Evergreen is where my Mom grew up only an hours' drive from Denver in a small mountain town with a lake I skated on as a kid. I drank beer at as an adult at the infamous Little Bear Saloon on the short main street with one stoplight. I've taken my kids to the Little Bear for lunch long before the motorcycles line up outside and the beer and music flow. The boys were especially intrigued with all the bras hanging from the stage. "If these walls could talk." A fun little town I'd recommend.
|Checking into Highland Haven|
|Lake the night before the race|
As I mentioned, my diet for the week was not the best and Saturday continued the trend...after all, it was my birthday. I "paid for it" on Sunday morning as I got up early to prep for my race. Once again, an unhappy stomach had me thinking...crawling back into that big bed sounded awfully good. I "sucked it up" after "crapping it out" for the short bike ride through town to the lake starting area.
After visiting the porto-potty a couple more times (Crap!) and setting up my transition area, I worked my way down to the water for the mandatory wetsuit swim start. Mistake #3 was not reading about the race. In the race walkthrough, the race director described the bicycle course as "challenging." For a novice cyclist without much hill training, the first seven uphill miles were going to be challenge indeed. An uphill battle for this newbie that was feeling "over the hill." With only a Sprint race (no Olympic distance,) the field was "stacked" with faster and more experienced triathletes. Perhaps my medal success in this new sport had me overconfident? Perhaps mistake #4.
|Before the race...trying to look like I know what I'm doing|
|Adjusting to this number|
As they say, what goes up, must come down and the best part of the race was flying down the single lane road. With the race course open to traffic, I cursed under my breath at a Jeep that was actually going slower than me on the way down. I had to brake for the car and pull slightly to their right--precariously close to the shoulder and had me thinking I was in for my first wreck. My last race I averaged close to 20MPH. While I was going probably close to 30-40 MPH down the hill, my average MPH on the bike leg was a disappointing 15.3. (I'd later find out.)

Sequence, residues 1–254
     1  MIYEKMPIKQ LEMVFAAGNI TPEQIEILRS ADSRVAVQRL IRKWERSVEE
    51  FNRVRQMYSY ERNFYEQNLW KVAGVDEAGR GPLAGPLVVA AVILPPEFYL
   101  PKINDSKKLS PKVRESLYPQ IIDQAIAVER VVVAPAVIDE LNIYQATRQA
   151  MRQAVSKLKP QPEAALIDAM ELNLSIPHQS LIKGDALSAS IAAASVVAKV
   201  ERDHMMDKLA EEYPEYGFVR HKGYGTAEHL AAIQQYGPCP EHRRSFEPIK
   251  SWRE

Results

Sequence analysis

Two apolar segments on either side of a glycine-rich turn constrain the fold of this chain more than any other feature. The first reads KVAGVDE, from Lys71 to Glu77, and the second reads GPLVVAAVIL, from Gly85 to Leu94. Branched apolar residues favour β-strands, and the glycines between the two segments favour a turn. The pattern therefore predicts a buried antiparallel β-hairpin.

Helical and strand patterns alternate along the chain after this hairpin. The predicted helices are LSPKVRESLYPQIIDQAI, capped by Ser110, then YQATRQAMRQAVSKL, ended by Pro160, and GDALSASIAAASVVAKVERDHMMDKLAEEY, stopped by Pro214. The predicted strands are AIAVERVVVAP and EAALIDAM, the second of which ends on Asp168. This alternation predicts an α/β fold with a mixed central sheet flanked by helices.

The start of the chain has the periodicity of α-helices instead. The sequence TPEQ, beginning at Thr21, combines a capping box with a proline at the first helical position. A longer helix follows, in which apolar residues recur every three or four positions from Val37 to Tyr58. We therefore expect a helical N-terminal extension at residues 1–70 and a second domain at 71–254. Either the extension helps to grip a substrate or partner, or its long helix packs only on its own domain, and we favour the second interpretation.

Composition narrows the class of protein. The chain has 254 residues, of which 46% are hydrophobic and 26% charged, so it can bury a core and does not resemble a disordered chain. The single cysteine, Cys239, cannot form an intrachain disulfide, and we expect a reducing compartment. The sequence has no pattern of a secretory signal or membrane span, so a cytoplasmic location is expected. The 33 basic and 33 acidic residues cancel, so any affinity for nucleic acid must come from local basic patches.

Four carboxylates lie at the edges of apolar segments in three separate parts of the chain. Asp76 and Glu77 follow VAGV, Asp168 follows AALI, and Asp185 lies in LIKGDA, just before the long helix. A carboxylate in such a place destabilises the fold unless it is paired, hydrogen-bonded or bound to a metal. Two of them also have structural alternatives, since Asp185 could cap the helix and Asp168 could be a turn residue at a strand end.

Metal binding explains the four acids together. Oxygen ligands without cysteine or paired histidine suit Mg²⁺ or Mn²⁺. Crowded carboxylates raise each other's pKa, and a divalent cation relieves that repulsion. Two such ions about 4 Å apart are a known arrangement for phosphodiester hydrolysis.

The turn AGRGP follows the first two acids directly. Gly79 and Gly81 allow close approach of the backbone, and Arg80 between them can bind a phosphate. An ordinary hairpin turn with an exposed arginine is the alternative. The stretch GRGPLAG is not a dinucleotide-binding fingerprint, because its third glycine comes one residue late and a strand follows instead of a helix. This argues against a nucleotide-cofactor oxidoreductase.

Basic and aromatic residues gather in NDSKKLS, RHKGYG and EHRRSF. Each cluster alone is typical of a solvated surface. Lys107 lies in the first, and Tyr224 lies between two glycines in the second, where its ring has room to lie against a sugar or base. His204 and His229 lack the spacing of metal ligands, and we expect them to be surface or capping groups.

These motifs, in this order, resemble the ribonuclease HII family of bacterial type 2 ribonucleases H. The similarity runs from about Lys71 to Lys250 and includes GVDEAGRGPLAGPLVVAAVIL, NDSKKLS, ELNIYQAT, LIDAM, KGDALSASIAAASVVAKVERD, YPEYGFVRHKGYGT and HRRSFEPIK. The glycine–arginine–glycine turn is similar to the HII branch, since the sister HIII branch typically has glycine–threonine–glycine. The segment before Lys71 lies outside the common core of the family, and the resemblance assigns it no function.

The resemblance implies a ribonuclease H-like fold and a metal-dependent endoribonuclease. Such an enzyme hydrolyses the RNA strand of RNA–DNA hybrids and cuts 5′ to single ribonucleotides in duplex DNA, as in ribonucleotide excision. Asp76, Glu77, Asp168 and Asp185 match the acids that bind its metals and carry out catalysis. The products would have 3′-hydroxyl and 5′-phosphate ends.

Both transitions were a struggle and showed my inexperience. As I compared to others in my age group, there's room for not just seconds, but perhaps a minute plus of improvement. After my transition from bike to running, I headed out for the (you guessed it) uphill start of the run. Did I mention I grew up going to this town...what was I thinking...that they'd somehow found the flat part of the mountain town? #naive
|My post race self portrait|
As the bumper sticker says, "a bad day of fishing is better than any day at work." The same can be said for running, racing and triathlons. No doubt, I'm too hard on myself considering this was only my fifth ever triathlon. I wanted a podium on my birthday, but got Imodium instead. Fifth in my age group and ironically 50th overall. Like many a marathon, I felt disappointed and felt I disappointed others. A lot to learn and a lot of mistakes to eliminate--most of them before race day. As I was dealing with my race hangover on Monday, I thought, "get some rest." I ignored reason and swam on Monday and followed it with an excellent speed workout on Tuesday running 400's at sub six minute mile pace. No doubt to erase the pathetic performance from my brain and to start working on improving my game. No rest for the weary.